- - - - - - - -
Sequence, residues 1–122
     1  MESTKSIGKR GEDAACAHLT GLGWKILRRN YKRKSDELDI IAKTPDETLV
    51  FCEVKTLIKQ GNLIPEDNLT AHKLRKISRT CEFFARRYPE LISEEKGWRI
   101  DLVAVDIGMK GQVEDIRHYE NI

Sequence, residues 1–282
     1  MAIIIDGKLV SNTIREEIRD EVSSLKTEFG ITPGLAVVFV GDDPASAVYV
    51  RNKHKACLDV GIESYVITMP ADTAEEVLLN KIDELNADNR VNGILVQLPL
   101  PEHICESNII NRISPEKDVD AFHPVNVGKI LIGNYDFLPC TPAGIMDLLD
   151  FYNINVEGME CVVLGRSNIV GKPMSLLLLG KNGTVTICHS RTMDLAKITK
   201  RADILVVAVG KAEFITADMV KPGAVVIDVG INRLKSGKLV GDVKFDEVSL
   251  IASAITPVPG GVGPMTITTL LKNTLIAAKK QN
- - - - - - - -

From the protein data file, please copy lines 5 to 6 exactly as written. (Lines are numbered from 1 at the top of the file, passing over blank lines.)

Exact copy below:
Sequence, residues 1–282
     1  MAIIIDGKLV SNTIREEIRD EVSSLKTEFG ITPGLAVVFV GDDPASAVYV